Skyjacking Craze of the 1960s
When Orville and Wilbur Wright made their historic first flight in 1903, neither one was probably thinking much about airport security. In fact, nobody was thinking about it 50 years later when airplane hijacking (skyjacking) became a weekly performance.
The first case of skyjacking happened to flying daredevil Jimmy Angel, who managed to foil his attacker by executing a barrel-roll in his open cockpit bi-plane and dumping the skyjacker out.
Throughout the 50s and 60s, skyjacking grew increasingly prevalent; you could get out of your car and walk right onto the airport tarmac and right onto a plane without having to show any tickets or identification. Tickets sometimes went unchecked until after takeoff.
From 1961 to 1972, nearly 160 planes were hijacked in the US.
Hijackers weren’t all that fussy, most just wanted a few hundred grand and to be dropped off in Cuba. The worst passengers expected was an impromptu tropical vacation, a suitcase of cigars, and some good dinner conversation when they got back.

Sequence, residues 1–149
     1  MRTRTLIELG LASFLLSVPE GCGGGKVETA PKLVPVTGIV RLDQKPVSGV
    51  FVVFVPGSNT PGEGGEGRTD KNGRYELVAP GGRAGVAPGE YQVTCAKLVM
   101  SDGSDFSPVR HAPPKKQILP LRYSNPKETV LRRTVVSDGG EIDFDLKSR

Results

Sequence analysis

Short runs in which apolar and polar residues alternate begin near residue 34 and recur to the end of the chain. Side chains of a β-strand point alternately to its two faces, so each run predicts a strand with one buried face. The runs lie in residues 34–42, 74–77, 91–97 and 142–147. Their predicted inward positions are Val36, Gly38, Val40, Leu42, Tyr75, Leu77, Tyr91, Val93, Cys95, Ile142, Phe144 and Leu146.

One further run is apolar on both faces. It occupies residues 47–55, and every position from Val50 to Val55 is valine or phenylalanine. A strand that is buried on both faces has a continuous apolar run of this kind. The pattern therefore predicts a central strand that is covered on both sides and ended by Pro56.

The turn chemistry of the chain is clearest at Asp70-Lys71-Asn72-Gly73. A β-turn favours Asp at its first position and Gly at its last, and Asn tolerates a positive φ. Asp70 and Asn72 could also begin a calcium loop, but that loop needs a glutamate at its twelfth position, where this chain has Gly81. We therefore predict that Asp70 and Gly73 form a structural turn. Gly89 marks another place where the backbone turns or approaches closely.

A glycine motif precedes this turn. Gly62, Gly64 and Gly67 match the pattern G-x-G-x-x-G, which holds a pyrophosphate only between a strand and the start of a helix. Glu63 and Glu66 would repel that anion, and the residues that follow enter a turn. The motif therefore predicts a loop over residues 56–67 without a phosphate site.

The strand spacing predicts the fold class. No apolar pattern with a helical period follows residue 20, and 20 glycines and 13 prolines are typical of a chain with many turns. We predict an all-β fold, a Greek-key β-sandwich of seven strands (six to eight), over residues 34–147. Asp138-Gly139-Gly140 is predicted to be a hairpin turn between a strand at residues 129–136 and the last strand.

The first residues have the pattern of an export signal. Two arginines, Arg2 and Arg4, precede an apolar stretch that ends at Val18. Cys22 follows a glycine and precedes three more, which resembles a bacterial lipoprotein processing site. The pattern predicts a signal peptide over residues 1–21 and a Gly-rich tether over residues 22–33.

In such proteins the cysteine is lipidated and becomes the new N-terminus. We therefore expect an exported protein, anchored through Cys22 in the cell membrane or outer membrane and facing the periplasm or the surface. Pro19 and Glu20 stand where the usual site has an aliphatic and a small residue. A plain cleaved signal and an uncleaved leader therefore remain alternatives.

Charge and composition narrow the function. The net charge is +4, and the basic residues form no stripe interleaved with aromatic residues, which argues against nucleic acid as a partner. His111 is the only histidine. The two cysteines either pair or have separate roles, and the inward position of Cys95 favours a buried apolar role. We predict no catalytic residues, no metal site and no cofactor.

Airlines typically gave into demands right away, forking over a few hundred thousand dollars and relying on the Swiss embassy in Cuba to return their missing planes. The Swiss consul even kept pre-typed forms for sending American planes home.
Airlines also made it standard practice to have maps of the Havana airport stowed in the cockpit no matter where the plane was headed.
Instead of implementing security, airlines thought it was more cost effective just to give in to skyjackers’ demands; they felt that security screenings would drive away more customers than the criminals.
A government task force was eventually set up to develop ideas for stopping skyjackers. Some of these plans involved a special seat on the plane that could either be ejected James Bond-style or had a secret syringe mechanism that could “sedate or kill” the hijacker.
Another plan was to require all passengers to wear boxing gloves, rendering them incapable of handling a firearm.
The most ridiculous solution by far was to build a life-sized Havana airport in Miami to fool hijackers into thinking they had landed in Cuba. The plan proved wildly cost prohibitive and was never built.
It wasn’t until a pair of hijackers threatened to crash their plane into a nuclear reactor that everyone realized the danger of criminals taking control of airplanes.
On January 5, 1973, all passengers began being required to go through metal detectors and have their bags checked.